Note: As of January 1, 2008, the Active Living Network is no longer operational. To stay connected to the active living movement, visit RWJF's related national programs: http://www.rwjf.org/programareas/npolist.jsp?pid=1138.
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Survey shows Americans want more walkable communities >>

Complete streets triumph >>

"Streets as places" seminar Nov. 29-30 in New York City >>

Healthy Eating/Active Living collaboration in New Hampshire >>

Forbes rates America's most sedentary cities >>

Resource Types: Research Report

This report shows the importance of urban planning to encourage biking and walking.

This report compares the transportation infrastructure of Portland, Ore., and Atlanta, Ga.

This guide explores the issues surrounding childhood obesity and how walk-to-school programs can help reverse this disturbing trend.

This study deployed accelerometers, instead of self reported levels of physical activity, over a two-day period to capture objective levels of physical activity in 357 adults. It found a positive c ...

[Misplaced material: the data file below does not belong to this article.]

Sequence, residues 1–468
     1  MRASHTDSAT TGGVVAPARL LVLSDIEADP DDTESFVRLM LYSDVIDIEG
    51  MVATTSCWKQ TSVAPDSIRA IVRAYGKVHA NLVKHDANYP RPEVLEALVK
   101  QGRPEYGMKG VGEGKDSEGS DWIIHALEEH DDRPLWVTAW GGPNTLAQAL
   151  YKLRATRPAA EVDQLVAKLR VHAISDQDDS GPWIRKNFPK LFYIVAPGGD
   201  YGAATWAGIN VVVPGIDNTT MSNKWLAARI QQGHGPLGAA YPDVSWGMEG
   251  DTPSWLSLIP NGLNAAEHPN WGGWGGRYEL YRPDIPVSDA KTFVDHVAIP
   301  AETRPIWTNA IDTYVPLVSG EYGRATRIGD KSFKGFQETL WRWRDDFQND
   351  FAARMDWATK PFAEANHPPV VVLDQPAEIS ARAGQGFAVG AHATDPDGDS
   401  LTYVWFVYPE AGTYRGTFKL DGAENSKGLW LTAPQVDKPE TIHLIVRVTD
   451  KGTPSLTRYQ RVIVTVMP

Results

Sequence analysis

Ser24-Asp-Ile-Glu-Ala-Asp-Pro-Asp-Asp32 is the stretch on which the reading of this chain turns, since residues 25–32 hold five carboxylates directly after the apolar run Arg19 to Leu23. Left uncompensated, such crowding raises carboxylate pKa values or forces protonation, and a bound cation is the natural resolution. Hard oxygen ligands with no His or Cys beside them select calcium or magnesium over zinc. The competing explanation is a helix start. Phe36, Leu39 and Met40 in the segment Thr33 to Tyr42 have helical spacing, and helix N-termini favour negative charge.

This proposes how to build communities that decrease the volume and speed of cars to create more residential areas.

An analysis of a church produce market in a low-income St. Louis community.

This report shows that prevention, particularly through active living, could help save billions of dollars on health care.

A research toolkit showing how changes in a physical environment can promote active lifestyles.

This survey reveals that Asian Americans do not perceive diabetes and obesity to be a large threat to children.

This report calls for the creation of urban communities that allow access to routine physical activity for all populations.

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